PHOENIX — Sen. John McCain will meet with GOP vice presidential candidate Mike Pence here just hours after Donald Trump told The Washington Post that he will not support the five-term Arizona senator in his primary election on Aug. 30.
"I haven't endorsed John McCain," Trump told the Post on Tuesday, adding that he has "never been" on board with the Arizona senator, going as far as to suggest McCain "should have done a much better job for the vets."
Pence, who an aide said has had "a good, longstanding relationship" with McCain, initiated the meeting with him in Phoenix prior to the release of Trump's remarks on Tuesday. Both camps confirmed to NBC News that the pair would still meet despite Trump's most recent attack. Last summer, Trump asserted that McCain is "not a war hero" because he was "captured" during his service in Vietnam.
Pence once again found himself in a potentially awkward position as Trump runs a parallel campaign — one marked by a litany of controversial assertions, including the suggestion that Ted Cruz's father was an associate of Lee Harvey Oswald and the embrace of Russia's alleged roles in the hacking of DNC emails. Pence, meanwhile, has pushed back on criticisms of Trump's disrespectful remarks about the mother and father of fallen Captain Humayun Khan — saying multiple times this week that he and Trump "cherish" the Khan family.
Despite Trump's most recent remarks on McCain, which also included direct refusals by the GOP nominee to endorse Speaker Paul Ryan and Sen. Kelly Ayotte of New Hampshire, Pence told the Tucson crowd earlier on Tuesday — just a half hour after the story broke — that the Republican Party is "united."
Pence cheered from the stage: "Now, we are united — we are come together, and we are going to make Donald Trump the 45th president of the United States!"
Trump said two weeks ago that he also intends to hand other fellow Republicans and former presidential primary rivals Sen. Ted Cruz and Gov. John Kasich defeats in their next campaign bids.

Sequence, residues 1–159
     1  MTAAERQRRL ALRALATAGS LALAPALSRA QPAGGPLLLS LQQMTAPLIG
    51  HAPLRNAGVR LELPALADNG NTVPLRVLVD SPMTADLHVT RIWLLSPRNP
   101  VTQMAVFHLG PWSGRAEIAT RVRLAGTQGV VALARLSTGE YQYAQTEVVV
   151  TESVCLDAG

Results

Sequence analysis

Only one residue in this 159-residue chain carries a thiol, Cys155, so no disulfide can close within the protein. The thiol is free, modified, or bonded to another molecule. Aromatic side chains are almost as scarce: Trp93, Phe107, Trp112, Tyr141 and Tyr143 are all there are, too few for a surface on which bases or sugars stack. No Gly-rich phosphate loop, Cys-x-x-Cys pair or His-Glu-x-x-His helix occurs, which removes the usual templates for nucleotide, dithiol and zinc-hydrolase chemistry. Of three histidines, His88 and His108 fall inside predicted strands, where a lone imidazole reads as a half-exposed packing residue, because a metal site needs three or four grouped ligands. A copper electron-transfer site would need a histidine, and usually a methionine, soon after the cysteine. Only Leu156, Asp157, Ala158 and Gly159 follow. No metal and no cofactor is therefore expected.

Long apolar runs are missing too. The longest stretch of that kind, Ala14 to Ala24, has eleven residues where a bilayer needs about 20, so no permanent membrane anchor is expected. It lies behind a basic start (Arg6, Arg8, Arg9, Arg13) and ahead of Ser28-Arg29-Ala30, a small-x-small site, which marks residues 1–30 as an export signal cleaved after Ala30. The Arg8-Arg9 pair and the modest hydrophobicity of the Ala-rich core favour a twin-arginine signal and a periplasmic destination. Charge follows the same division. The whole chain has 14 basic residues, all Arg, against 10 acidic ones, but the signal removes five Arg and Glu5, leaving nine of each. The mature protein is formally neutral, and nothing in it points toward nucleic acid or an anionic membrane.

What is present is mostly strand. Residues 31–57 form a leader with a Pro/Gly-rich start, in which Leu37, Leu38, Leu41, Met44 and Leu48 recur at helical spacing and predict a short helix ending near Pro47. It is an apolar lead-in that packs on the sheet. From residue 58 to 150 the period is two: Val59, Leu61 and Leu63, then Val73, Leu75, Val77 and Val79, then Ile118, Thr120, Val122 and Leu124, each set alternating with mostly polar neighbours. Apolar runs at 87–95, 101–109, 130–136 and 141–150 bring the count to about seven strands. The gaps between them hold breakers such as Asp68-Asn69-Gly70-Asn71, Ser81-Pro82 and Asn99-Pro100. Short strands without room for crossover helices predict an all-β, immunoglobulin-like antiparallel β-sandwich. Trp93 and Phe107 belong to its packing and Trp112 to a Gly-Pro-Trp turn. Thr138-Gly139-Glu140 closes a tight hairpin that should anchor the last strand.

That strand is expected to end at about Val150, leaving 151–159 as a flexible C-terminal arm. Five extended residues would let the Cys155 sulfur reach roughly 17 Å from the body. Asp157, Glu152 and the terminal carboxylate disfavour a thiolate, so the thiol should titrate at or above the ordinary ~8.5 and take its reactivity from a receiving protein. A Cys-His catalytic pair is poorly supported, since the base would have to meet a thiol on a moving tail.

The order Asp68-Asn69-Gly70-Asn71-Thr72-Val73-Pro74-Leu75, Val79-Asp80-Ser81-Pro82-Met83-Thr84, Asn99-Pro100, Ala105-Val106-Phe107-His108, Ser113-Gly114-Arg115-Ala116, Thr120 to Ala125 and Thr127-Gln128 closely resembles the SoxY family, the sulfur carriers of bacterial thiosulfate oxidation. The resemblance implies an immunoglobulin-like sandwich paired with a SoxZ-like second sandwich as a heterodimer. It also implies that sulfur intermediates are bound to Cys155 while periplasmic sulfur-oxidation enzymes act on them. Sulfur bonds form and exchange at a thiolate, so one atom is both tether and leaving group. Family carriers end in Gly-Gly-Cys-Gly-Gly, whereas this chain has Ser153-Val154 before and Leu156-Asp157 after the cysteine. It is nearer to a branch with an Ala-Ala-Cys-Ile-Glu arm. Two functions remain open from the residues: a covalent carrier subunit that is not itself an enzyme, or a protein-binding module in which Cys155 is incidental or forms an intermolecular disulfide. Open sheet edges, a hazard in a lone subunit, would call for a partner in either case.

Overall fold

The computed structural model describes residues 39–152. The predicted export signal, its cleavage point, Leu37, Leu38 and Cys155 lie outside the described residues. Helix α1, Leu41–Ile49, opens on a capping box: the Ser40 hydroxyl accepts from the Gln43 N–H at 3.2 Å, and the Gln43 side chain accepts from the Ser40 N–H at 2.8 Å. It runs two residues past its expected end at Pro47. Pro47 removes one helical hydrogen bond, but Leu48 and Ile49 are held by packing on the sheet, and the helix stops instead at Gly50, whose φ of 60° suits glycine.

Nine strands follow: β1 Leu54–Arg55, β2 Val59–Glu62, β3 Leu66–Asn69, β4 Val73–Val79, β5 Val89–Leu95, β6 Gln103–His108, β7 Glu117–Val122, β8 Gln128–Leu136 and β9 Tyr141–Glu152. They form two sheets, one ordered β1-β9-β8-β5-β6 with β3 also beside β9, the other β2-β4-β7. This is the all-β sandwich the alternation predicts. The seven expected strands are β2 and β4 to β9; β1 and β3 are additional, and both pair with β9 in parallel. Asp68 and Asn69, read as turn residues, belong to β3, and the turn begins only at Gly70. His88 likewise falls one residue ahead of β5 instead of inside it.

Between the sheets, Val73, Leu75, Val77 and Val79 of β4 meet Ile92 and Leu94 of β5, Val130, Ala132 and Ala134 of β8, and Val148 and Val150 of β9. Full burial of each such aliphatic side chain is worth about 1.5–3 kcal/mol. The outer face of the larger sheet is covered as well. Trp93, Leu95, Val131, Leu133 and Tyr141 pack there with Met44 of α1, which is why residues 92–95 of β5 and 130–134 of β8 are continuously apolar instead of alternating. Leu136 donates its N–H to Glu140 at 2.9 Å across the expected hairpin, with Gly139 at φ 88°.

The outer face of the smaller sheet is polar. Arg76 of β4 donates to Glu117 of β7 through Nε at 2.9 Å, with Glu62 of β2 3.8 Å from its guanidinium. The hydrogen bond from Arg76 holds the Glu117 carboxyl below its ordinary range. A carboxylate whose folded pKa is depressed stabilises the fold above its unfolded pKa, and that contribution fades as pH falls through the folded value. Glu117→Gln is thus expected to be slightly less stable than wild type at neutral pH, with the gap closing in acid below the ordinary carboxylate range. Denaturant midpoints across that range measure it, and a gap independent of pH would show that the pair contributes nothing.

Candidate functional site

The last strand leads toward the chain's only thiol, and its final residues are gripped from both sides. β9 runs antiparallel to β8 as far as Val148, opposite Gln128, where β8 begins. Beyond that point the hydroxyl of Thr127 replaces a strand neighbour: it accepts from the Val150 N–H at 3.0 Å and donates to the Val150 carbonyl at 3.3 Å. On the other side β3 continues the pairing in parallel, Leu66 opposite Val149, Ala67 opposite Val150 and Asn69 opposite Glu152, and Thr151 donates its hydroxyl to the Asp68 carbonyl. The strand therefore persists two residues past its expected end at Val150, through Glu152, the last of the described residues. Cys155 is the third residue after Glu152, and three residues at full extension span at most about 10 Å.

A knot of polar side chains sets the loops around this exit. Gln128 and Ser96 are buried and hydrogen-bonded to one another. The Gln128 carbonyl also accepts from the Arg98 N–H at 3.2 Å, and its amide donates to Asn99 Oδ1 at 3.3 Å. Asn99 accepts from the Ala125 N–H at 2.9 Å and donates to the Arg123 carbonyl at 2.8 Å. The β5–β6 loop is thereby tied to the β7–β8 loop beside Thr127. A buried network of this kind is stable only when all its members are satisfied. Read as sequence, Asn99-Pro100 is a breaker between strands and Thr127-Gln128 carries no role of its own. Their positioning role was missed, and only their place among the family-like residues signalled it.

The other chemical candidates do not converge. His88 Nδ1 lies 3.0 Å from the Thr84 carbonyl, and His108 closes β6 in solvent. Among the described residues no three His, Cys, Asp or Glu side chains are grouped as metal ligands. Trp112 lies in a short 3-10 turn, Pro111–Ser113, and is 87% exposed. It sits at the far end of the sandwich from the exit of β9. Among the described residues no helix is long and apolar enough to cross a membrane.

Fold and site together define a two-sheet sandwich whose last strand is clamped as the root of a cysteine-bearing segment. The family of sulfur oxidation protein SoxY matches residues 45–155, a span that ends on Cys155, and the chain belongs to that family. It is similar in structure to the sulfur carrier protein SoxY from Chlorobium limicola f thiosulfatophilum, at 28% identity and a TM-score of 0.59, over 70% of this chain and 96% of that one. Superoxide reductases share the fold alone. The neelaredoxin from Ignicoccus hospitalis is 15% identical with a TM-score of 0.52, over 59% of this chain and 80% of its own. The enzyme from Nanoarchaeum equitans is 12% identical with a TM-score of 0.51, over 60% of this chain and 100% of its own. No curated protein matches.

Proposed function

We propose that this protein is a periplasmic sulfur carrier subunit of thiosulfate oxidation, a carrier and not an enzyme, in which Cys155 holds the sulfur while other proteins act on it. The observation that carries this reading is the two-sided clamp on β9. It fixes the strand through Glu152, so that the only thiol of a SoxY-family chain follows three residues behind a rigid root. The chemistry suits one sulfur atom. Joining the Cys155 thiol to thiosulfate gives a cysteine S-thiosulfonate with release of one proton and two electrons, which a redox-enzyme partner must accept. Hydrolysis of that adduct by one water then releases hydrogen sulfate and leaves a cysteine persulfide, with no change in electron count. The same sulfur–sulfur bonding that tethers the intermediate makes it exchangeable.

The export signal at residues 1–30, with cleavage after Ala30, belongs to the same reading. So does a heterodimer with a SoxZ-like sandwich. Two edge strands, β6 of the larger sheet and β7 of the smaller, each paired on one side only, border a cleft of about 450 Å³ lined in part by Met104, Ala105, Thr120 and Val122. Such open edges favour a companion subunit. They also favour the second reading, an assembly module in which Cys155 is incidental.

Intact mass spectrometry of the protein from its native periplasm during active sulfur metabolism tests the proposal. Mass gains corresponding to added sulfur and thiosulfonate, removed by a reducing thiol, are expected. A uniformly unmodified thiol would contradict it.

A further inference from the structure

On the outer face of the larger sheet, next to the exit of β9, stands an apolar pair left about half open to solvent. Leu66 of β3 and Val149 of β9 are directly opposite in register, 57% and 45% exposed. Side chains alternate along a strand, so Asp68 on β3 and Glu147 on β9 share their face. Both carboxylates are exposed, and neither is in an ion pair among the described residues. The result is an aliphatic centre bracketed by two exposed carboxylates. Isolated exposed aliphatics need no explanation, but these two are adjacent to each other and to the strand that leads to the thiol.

While Pence was in Tucson Tuesday, Arizona Republicans, including the state party's GOP Chair Robert Graham, took to the microphone to rev up support for the presidential ticket from the several hundred in attendance. The Republican VP pick never addressed Trump's comments or discussed McCain during his town hall there.
McCain is facing a primary challenge on Aug. 30 by former state senator Kelli Ward. Early ballots for the election will be delivered to Arizona homes on Tuesday and Wednesday.
Graham told NBC News after the event that it's the party's role to "get everyone elected — all Republicans."
"I'm confident that both of these guys are going to win the election," Graham said. "You have two very strong personalities, and that's what makes these guys uniquely special."
Ward, McCain's challenger, told NBC News in June at a Phoenix rally for Trump, which the senator did not attend: "They're hungry for change. They're disappointed, disgusted, frustrated, angry, upset at the DC insider establishment, and John McCain is the poster boy for insider politics."
McCain, if he wins his primary, is expected to face a difficult matchup against Democratic U.S. Rep. Ann Kirkpatrick in November.
"John McCain has clung to Donald Trump in a desperate attempt to have his political career despite the nominee's hateful and dangerous proposals and rhetoric," Kirkpatrick's campaign spokesman D.B. Mitchell said in a statement. "And in return? Trump has insulted him again and again. McCain has proven again that there's nothing Trump can do that would stop him from supporting the Republican nominee."
Jeff Flake, Arizona's other U.S. senator, has remained one of Trump's most vocal critics from the Republican side, and Arizona's Gov. Doug Ducey attended a fundraiser for Trump in June but has yet to publicly appear with him.
"He was supposed to help with border control. He was supposed to help the vets," said Barbara Beck, a Trump backer in the Tucson crowd who said, along with many others surrounding her, that she will not back the longtime Arizonan. "He's been in here too long — he needs to retire."